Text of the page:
I headed to the aisle with small trash cans and bins & found a basic white one for $4, score! The can is nothing special, although it is larger than most office trash cans you see in stores:
Wondering if the plastic used in trash cans was a different variety than the plastic used in actual planters, I did some research. Someone suggested that as long as the plastic is the food grade (#2 or #5), it should be okay. So, make sure you check out the bottom of the container for the number inside the recycle triangle first if you’re using your trash can planter for an edible plant.
I did the same thing as last year, drilling drainage holes into the bottom of the trash can. I’ve had luck with standard drill bits, probably since the plastic is somewhat thin. Be careful not to use too much force that you crack the plastic.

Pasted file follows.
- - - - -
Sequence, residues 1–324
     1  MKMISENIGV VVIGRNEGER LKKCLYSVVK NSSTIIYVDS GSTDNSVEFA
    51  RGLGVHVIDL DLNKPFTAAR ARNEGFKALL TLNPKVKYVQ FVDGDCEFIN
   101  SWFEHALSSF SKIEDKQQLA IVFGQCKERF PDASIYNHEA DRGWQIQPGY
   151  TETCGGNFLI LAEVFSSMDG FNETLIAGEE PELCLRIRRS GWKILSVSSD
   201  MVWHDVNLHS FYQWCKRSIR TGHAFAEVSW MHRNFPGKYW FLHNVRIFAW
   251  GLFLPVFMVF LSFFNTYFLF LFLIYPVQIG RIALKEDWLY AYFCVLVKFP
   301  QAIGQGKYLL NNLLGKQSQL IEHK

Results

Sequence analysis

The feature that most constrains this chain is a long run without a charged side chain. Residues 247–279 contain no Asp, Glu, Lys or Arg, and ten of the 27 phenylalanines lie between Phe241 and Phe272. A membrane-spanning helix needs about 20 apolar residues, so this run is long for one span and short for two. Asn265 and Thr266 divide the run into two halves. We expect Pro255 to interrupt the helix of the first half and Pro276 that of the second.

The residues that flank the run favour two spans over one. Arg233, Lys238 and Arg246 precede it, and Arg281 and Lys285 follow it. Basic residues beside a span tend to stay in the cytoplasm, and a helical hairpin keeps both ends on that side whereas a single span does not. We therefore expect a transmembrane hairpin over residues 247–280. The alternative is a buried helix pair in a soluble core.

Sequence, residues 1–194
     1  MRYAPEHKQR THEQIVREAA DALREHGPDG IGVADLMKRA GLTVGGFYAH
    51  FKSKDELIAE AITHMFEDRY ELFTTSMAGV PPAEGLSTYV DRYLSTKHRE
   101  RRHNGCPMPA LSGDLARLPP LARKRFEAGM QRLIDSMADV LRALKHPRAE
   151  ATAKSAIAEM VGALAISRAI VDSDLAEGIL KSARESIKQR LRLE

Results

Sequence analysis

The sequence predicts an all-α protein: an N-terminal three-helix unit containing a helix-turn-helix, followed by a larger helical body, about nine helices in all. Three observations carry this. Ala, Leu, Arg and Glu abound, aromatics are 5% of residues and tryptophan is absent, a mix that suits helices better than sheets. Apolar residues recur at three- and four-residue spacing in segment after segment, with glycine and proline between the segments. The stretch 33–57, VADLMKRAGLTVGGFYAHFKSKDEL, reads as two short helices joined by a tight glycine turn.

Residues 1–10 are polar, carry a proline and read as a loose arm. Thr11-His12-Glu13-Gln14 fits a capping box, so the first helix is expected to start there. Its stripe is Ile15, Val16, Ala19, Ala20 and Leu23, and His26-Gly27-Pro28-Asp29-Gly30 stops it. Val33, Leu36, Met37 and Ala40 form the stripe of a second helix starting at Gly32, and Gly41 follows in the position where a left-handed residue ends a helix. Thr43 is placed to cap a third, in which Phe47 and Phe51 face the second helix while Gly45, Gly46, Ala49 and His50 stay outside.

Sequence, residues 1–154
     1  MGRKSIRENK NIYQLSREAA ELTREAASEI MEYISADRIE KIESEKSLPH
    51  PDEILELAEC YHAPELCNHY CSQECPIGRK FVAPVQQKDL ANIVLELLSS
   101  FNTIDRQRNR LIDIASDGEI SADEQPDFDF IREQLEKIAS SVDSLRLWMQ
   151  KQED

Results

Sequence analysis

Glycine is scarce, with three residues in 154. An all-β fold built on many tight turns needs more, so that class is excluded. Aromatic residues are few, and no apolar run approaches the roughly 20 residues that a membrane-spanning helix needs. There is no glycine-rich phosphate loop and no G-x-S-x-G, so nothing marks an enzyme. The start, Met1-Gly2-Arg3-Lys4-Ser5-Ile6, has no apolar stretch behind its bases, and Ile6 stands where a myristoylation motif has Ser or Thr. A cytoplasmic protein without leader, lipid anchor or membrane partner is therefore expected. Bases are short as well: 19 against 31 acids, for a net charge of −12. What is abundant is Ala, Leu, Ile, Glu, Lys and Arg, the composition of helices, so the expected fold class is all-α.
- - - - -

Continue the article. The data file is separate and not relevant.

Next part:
To personalize my planter, I wanted to add a design. I love how typography, letters and cursive writing can be used as art, so I took inspiration from this and drew on scribbly lines with a permanent marker. They remind me of graffiti, sloppy cursive and what you see on an EKG monitor. This process was very easy since it was entirely freehand and in the moment. (I love art where you can make mistakes and it adds to the finished product.)
I added soil and my plant and admired its unique beauty. The oblong shape of the trash can complements the form of the fern and its leaves. This is my first ostrich fern and I hear they like to grow large, so hopefully I won’t have to transplant it later into a larger container.
Now, what else can I scribble on and call decor…